Angel investment: Risk Investing or Wealth Management
By Salum Awadh ~ CEO at SSC Capital on 18 May 2020Finance
Angel investing has become one of the popular investing options for many pre-seed and seed stage start-ups globally.
It helps entrepreneurs realize their start-up dreams by financing their pre-revenue business ideas, and some post-revenue businesses with early market traction.
According to World Business Angel Forum, the global market of angel investment is over USD 5O billion annually, supporting thousands of businesses, which wouldn’t otherwise be able to raise money from other sources such as banks or venture capital.
But Africa, and Tanzanian in particular, still make up a small fraction of this investment, but the industry is taking shape now and we begin to see deal traction in many parts of Africa such as Nigeria, South Africa, Egypt, and Kenya.
According to Baobab Insights, the amount of pre-seed investment has grown rapidly in the last five years, from $0.289m in 2015 to $4.257m in 2019. The graph below shows the median pre-seed and seed round size in Africa since 2015
But who is an angel investor really?
An angel investor is an individual who invests his/her money in an early stage business, usually in exchange for equity ownership, with the expectation that his/her investment will grow in value and make huge returns, normally in a range of multiple returns of the original investment in a couple of years.
Unlike venture capital, an angel investor also actively supports the investee company with technical advise, mentorship, and bring in a network of other players that can support the start-up company to grow. That’s why; an angel investor must be someone with history of entrepreneurship, understands business life cycles, and has made some money, part of which can be invested in that start-up business
But most people can’t differentiate whether angel investing is a risk investment understanding or wealth management.
Angel investing is theoretically and practically a risk investment practice, where an investor can lose all of the investment, recover partially, or make huge return, as the compensation of the high risk taken. When Peter Thiel invested in Facebook in 2004 with USD 500,000, nobody knew if Facebook would turn out to be a multi-billion dollar company, and for the compensation of that risk, Peter Thiel made over a billion dollars.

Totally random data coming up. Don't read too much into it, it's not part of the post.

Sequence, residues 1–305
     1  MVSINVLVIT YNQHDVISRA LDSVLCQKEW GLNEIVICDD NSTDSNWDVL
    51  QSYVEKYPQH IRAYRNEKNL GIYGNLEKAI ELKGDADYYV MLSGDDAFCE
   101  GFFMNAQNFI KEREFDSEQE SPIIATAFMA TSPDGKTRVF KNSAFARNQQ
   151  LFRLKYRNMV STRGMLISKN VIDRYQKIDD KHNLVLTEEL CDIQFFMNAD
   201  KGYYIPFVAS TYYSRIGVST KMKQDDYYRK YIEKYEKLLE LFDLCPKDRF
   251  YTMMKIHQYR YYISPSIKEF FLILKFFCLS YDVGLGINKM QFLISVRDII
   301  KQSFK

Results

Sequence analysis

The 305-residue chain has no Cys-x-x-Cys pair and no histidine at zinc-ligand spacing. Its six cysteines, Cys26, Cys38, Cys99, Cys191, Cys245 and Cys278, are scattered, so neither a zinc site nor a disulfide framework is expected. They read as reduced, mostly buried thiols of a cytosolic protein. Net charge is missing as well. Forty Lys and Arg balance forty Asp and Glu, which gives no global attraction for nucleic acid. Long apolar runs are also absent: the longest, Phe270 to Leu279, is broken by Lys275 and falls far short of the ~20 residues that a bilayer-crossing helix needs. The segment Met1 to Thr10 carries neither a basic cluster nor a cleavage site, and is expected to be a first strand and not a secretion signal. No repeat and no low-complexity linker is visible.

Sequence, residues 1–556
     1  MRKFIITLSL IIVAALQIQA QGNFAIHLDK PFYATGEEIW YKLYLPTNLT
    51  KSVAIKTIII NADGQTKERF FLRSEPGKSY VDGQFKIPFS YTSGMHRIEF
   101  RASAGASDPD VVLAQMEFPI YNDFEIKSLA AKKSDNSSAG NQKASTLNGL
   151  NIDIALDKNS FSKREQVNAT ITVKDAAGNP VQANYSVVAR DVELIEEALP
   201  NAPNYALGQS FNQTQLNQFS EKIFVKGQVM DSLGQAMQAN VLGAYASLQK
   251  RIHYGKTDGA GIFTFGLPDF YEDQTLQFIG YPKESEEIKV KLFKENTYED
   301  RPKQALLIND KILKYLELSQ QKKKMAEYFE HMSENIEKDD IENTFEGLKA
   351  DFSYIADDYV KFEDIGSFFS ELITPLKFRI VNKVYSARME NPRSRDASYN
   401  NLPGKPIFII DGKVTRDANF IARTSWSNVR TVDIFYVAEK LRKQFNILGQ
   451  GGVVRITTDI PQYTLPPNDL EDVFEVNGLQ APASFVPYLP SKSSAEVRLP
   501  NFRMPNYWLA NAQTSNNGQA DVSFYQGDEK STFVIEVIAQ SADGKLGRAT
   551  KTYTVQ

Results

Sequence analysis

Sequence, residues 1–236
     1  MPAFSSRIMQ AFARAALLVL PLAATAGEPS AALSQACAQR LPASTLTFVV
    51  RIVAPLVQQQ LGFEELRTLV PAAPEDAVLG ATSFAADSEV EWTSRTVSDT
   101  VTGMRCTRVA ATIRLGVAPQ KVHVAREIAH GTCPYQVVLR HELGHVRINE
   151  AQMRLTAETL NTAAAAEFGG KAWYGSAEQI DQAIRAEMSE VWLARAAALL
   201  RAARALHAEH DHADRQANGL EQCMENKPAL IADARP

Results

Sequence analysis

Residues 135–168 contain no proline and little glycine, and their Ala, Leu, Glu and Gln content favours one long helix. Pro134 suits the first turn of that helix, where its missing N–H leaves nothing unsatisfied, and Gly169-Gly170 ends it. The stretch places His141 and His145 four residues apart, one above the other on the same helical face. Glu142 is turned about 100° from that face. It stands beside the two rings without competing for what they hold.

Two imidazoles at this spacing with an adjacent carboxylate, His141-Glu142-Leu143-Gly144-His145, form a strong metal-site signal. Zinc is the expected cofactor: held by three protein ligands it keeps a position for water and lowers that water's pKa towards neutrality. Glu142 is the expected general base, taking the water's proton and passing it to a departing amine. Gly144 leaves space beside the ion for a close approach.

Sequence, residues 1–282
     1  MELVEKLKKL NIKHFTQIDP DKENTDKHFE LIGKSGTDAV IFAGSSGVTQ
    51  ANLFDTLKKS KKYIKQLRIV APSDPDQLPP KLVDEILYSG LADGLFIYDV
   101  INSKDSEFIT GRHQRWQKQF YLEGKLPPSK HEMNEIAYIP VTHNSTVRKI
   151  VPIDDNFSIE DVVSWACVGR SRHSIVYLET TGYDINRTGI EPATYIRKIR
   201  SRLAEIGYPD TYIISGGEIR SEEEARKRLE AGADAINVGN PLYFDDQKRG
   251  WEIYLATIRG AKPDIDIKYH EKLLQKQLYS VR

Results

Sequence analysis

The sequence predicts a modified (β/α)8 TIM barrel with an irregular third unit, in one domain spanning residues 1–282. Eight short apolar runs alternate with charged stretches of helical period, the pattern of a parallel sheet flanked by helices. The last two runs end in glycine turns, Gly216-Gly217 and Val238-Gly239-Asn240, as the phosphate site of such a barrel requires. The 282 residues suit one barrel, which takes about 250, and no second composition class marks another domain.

Unlike wealth management where the rule of the game is safety, risk balance, with moderate returns. Wealth management is more of supporting an individual preserving their capital, and happy with annual return of 5% to 15%, make it a no match with angel investor, in both risk and return.
Valley of Death
Another characteristic that defines the risk nature of angel investing is the type of the companies they invest in, and the stage, which they are in. Angel investors invest in a company, in most cases, at the stage called “valley of death”. This is a stage where a start-up has begun operations but lack revenues (in majority cases), the cash flows are likely negative, and it largely depends on the invested capital to survive, and it is at this stage where angel investors invest, and where many start-ups die as well. But is also an opportunity stage for an investor to spot the right company such as Facebook and laugh all the way to the bank if the start-up thrives.
But with wealth management, an investor invests in mature companies, usually listed and trading on the stock exchange. Most of these companies are mature, have history of profitability and dividend payouts, but again, the returns generated here are still outweighed by angel investment, so are the risks.
Manage the Risk
So it is very important for an investor to understand these and other risks and characteristics of angel investing before investing. Angel investing is not a game of “get-rich quick scheme” neither an asset for risk averse people.
If the angel investor is well guided, invests with other experienced investors through an angel investors network, the changes of success increase as proper due diligence is done before selecting which start-up to invest in, which instruments to use, and if the start-up has the potential to scale and provide better opportunities for exit. With this way, angel investing could not only be game changing for supporting entrepreneurs that bring solutions to the market, but can also generate unbeatable returns to the investor.
By Salum Awadh ~ CEO at SSC Capital